Presentation of chain of office to the National President of the Irish Naval Association, Mr. Piaras O'Connor.

At a ceremony held at the Naval Base in Haulbowline, Cobh Co. Cork, the Flag Officer of the Irish Naval Service Commodore John Kavanagh presented a gold chain of office to the president of the Irish Naval Association Mr. Piaras O'Connor. Distinguished guests included the officer commanding the Naval Base Captain Frank Lynch, the Naval Chaplain Fr. Des. Campion and representatives of the Organisation of National ex-servicemen and women (O.N.E.) and representatives from the Royal Naval Association.

The Flag Officer Commodore John Kavanagh speaking to the Parade before he presented the chain recalled that 58 years ago Piaras joined the newly formed Marine Service, and was stationed at the Naval base in 1940 serving a period of time aboard the newly acquired Motor Torpedo Boats and the vessels that followed after. At the end of world war 2 Piaras stayed with the Marine Service transferring to The Naval Service when it was formed in 1946, holding his Leading seaman's Rank. Piaras was a keen sportsman and was drill instructor and boxing coach to the Naval Service. It is said that Piaras coached several boxing champions before leaving the Navy in 1952. Piaras comes from a Military Family. His Father was a schoolteacher who spoke fluent French. His Father was a Gaelic Scholar and active politically during the War of Independence 1916-1921. He was also elected a councillor to Dublin Corporation during this period. Piaras O'Connors Father joined the newly formed Free State Army in 1922 with the rank of Lieutenant but was to die suddenly in 1927 when Piaras was only 9 years of age.

Piaras had 4 Brothers and 3 Sisters. His eldest Brother Padraig was also active during the War of Independence. He serveded with the active Unit under Michael Collins. At this time he held the rank of Lieutenant but was promoted to a full Colonel in the Free State Army in 1923. He was one of the Officers who took over Beggars Bush Barracks from the British. In 1928 Padraig became Governor of Limerick Prison. He returned to active service at the outbreak of the second world war and was O/C command and training. He died suddenly at the young age of 52 years. Another Brother of Piaras, Sean, like his Father and Brother was active during the War of Independence. He was promoted to the rank of Commodant in the New Free State Army. Like his brother Padraig, Sean also participated in the hand over of Beggers Bush barracks from the British on the 4th February 1922. He was in charge of the first Irish speaking Battalion. At the outbreak of World War 2. Sean was also one of the Officers in the new Marine Service subsequently renamed The Naval Service in 1946. He was Officer in charge of records in the Western Command but unfortunately in 1956 collapsed and died while on parade at Renmore Barracks.He was 53 years of age.

Captain Frank Lynch (O/C Naval Base), Piaras O'Connor, Commodore Kavanagh, and Fr. Des Campion, (Naval Chaplain) following the ceremony at the Naval Base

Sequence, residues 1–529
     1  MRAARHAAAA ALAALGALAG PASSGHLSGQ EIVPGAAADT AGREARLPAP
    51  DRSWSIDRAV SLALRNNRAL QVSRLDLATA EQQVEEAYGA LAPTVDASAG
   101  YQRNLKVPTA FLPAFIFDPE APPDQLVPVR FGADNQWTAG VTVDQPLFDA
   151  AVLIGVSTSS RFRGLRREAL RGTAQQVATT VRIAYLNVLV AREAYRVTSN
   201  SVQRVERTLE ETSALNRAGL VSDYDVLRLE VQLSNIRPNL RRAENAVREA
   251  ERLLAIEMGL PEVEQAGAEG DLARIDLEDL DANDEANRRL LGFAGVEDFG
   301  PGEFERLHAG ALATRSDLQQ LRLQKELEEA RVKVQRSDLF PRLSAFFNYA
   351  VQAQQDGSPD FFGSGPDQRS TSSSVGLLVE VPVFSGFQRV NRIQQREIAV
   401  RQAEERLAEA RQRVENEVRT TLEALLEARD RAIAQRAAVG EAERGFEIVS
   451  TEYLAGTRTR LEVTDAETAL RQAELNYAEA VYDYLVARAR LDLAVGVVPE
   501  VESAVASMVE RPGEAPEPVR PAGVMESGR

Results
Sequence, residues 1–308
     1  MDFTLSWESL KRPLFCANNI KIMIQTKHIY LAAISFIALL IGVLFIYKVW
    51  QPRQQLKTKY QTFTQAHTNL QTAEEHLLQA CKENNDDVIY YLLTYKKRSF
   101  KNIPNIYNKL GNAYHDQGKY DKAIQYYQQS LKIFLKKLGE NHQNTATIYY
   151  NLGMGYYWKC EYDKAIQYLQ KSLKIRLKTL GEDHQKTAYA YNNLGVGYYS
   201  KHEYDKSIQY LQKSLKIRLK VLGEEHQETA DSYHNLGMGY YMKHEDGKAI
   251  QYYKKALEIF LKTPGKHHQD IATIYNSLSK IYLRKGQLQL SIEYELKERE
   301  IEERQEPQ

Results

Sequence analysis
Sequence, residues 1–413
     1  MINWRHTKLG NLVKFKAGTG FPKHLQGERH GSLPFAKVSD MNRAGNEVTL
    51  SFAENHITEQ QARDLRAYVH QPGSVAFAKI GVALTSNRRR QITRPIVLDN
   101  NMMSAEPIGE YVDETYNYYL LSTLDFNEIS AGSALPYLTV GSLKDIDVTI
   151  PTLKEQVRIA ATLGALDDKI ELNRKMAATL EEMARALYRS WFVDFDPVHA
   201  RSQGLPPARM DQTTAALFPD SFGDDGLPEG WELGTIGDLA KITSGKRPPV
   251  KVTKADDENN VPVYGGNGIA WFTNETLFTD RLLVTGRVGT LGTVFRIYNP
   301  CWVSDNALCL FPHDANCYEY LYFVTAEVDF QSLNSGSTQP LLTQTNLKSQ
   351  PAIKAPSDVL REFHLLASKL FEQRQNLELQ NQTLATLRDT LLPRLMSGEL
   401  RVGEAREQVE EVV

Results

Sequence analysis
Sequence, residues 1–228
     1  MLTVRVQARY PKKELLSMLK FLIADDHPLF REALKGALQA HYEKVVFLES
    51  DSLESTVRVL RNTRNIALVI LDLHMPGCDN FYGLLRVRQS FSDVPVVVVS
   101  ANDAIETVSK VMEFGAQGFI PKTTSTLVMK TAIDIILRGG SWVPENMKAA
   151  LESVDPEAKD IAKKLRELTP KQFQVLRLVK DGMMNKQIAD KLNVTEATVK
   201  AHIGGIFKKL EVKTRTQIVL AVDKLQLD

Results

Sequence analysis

Another Brother Michael spend a short period in the Army from 1922 to 1924. Unlike his older Brothers he left the Army after two years and took up work in civie street. He died in the1960's.
Turlough, another Brother also joined the Irish Army, being musically minded he joined the Army School of Music in 1925 at the tender age of 15. Turlough like Piaras was very active in sport and excelled in Atletics, Soccer and Boxing but tragically like his other three Brothers died at the young age of 40.
It is fortunate that Piaras was encouraged by his brother Sean to join the Marine Service in 1940. The sea air must have worked wonders because Piaras at 80 years of age is in perfect health and very agile as is his wife Rose who married Piaras in 1939. Piaras and Rose have seven children 6 boys and 1 girl none of them following in their Fathers, Grandfathers, or Uncle's footsteps.
It was a fitting tribute to Piaras O'Connor that so many traveled to Cork to be at the presentation of his chain of office on September 6th 1998. It was also unique in so far as it was the first time since the foundation of the State that Royal Naval Association Colours were paraded in any Irish Naval or Military Establishment. A representative party of Royal Naval Association including a colour party traveled from Britain to attend the ceremony.
Piaras has participated in all of the recent Naval Association events travelling to Boston, New York, San Diego, and the Normandy Beaches in May this year. On November 11th 1998 Piaras will head a 50 strong contingent of Irish Naval Association members who travel to Messines, Flanders to participate in the Inauguration Ceremony of the unveiling of a memorial and Peace Park dedicated to the thousands of Irishmen Protestant and Catholic as fellow soldiers died side by side at Messines during the first world war. President McAleese and Queen Elizebeth will be present at the dedication ceremony.

Mr Piaras and Rose O'Connor and Commodore John Kavanagh

The Irish and Royal Naval Association Colour Party.
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